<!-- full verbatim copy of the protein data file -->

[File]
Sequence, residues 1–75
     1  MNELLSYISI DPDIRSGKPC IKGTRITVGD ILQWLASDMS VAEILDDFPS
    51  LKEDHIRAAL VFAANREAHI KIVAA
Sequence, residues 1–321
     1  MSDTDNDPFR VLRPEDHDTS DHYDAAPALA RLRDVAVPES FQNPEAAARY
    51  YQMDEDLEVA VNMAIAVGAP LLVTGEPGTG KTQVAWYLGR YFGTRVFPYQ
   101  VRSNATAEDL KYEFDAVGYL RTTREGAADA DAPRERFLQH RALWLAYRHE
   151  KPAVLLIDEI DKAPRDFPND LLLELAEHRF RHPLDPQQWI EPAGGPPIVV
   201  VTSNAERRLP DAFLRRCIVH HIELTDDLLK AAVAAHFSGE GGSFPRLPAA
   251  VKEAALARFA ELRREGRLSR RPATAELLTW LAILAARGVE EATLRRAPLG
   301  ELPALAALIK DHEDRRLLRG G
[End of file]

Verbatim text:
Sequence, residues 1–75
     1  MNELLSYISI DPDIRSGKPC IKGTRITVGD ILQWLASDMS VAEILDDFPS
    51  LKEDHIRAAL VFAANREAHI KIVAA
Sequence, residues 1–321
     1  MSDTDNDPFR VLRPEDHDTS DHYDAAPALA RLRDVAVPES FQNPEAAARY
    51  YQMDEDLEVA VNMAIAVGAP LLVTGEPGTG KTQVAWYLGR YFGTRVFPYQ
   101  VRSNATAEDL KYEFDAVGYL RTTREGAADA DAPRERFLQH RALWLAYRHE
   151  KPAVLLIDEI DKAPRDFPND LLLELAEHRF RHPLDPQQWI EPAGGPPIVV
   201  VTSNAERRLP DAFLRRCIVH HIELTDDLLK AAVAAHFSGE GGSFPRLPAA
   251  VKEAALARFA ELRREGRLSR RPATAELLTW LAILAARGVE EATLRRAPLG
   301  ELPALAALIK DHEDRRLLRG G